And Christmas is the point at which this all comes together in a big way for the residents of the UK, something that they can not only talk about but also bet on – whether or not it will be a white Christmas. It is down to the Met Office to confirm if we have a white Christmas – and the official definition may surprise you;
For many people, a White Christmas means a complete covering of snow falling between midnight and midday on 25 December.
However, the definition used most widely, notably by those placing and taking bets, is for a single snowflake (perhaps among a mixed shower of rain and snow) to be observed falling in the 24 hours of 25 December at a specified location.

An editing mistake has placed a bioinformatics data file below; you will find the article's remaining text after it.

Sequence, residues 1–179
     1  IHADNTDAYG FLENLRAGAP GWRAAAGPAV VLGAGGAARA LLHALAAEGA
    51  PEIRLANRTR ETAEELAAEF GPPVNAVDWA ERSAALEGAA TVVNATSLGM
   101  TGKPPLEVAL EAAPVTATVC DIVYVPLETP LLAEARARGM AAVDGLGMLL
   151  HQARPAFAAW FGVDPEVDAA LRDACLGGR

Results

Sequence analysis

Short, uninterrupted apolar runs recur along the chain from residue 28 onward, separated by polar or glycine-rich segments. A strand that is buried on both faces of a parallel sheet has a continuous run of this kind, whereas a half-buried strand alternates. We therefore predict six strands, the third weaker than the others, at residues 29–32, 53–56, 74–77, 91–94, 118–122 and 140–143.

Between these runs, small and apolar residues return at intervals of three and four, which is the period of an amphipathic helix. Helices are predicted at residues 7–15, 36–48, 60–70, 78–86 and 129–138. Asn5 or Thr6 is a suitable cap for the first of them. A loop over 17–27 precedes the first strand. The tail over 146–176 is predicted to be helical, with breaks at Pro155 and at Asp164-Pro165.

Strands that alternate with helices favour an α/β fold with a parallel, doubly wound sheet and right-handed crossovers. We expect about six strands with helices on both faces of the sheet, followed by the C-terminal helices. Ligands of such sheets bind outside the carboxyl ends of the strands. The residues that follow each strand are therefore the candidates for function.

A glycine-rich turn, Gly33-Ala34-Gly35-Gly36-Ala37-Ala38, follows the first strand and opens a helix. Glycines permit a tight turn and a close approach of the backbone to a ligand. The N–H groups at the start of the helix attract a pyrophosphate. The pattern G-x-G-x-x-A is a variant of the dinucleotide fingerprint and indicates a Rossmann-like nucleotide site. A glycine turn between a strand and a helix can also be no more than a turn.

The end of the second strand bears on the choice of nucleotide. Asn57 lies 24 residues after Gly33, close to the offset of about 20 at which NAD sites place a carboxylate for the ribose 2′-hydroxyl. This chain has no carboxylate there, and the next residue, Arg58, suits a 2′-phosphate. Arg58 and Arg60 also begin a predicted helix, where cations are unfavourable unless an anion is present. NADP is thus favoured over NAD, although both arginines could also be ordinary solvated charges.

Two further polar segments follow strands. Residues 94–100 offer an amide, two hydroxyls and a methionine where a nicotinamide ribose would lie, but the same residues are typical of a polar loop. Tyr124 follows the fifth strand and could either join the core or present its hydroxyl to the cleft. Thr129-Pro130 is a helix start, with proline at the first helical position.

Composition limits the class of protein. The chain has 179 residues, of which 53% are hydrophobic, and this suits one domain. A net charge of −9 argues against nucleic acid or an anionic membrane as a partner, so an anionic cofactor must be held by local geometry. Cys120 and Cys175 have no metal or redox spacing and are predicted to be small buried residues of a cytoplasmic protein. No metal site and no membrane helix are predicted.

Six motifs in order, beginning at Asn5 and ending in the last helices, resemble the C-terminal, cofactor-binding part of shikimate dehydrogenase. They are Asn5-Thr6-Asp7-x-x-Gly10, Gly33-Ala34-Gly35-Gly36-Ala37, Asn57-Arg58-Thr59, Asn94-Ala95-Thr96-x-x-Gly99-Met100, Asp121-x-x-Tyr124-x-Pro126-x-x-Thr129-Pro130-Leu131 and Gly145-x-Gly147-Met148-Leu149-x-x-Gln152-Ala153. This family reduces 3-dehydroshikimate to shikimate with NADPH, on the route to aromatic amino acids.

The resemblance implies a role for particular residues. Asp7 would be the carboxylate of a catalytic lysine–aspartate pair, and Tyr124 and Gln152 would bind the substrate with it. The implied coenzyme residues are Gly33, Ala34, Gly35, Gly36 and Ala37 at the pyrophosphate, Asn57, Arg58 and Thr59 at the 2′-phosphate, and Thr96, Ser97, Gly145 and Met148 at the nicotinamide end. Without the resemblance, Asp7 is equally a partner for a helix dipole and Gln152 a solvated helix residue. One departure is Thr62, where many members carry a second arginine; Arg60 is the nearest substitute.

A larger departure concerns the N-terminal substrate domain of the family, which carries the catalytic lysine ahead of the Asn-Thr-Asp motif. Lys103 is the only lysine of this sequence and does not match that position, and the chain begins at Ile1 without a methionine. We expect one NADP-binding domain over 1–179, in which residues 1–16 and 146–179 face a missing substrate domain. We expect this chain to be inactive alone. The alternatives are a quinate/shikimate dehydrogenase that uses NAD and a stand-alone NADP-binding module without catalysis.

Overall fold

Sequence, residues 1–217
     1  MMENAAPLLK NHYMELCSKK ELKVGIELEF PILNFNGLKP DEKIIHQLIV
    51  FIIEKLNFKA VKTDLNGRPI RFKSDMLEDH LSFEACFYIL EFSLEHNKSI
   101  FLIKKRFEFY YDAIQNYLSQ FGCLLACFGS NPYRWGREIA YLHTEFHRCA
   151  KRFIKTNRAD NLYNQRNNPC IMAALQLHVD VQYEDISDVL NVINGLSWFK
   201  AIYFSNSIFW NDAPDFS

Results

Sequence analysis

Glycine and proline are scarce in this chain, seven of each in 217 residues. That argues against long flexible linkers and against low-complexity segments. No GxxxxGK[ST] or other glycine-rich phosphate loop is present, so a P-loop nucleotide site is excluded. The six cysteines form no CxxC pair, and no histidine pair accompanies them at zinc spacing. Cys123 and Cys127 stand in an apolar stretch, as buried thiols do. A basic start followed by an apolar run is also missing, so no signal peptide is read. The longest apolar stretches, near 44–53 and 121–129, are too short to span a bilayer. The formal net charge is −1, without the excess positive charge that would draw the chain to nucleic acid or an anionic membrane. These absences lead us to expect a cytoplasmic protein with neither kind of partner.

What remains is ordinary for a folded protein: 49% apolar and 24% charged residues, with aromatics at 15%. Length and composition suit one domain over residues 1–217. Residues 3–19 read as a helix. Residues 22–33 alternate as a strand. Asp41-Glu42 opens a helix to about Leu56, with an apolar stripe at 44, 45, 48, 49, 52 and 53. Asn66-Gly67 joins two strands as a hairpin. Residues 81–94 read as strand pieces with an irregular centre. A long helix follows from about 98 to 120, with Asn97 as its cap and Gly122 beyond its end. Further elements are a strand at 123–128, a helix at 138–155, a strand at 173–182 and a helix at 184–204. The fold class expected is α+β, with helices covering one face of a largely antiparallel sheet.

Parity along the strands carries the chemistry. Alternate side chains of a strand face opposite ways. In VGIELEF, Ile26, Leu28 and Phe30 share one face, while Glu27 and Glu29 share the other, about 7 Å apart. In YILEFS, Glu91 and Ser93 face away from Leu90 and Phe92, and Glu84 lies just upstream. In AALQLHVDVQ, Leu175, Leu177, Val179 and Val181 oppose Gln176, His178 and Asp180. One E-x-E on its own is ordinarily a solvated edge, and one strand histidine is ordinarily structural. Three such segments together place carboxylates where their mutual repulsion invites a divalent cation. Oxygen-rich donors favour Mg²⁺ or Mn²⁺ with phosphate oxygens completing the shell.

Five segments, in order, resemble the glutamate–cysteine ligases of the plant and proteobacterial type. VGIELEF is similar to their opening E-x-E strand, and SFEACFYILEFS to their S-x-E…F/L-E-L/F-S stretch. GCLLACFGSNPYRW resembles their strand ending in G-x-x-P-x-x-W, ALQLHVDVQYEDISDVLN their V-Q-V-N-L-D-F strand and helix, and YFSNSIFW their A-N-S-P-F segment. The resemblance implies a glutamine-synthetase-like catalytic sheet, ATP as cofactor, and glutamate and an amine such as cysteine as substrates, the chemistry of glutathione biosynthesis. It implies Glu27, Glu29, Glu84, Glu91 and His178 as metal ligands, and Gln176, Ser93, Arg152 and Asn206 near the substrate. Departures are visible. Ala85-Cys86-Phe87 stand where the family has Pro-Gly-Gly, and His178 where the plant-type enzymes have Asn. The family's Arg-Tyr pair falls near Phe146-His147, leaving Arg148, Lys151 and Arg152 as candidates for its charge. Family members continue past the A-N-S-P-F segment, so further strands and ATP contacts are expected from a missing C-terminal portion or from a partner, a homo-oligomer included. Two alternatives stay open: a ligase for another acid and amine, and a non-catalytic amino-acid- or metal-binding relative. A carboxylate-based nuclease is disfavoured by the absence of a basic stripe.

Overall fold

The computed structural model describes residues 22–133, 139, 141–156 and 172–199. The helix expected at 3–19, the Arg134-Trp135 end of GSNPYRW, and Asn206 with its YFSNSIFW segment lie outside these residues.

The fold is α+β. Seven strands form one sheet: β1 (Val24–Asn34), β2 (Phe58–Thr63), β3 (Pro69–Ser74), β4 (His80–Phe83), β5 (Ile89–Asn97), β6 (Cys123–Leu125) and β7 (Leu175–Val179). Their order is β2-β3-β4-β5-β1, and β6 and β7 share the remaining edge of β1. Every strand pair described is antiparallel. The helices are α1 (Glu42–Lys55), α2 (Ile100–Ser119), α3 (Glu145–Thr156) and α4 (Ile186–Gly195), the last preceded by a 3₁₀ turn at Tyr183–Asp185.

White Christmases were more frequent in the 18th and 19th centuries, even more so before the change of calendar in 1752 which effectively brought Christmas day back by 12 days. Climate change has also brought higher average temperatures over land and sea and this generally reduces the chances of a white Christmas. However, the natural variability of the weather will not stop cold, snowy winters happening in the future.
The graphic to the right from the Met Office indicates the amount of snow over the last few years on Christmas day – and it will not surprise anyone that it has increased in recent years – the question has to be why – but that’s for another day…..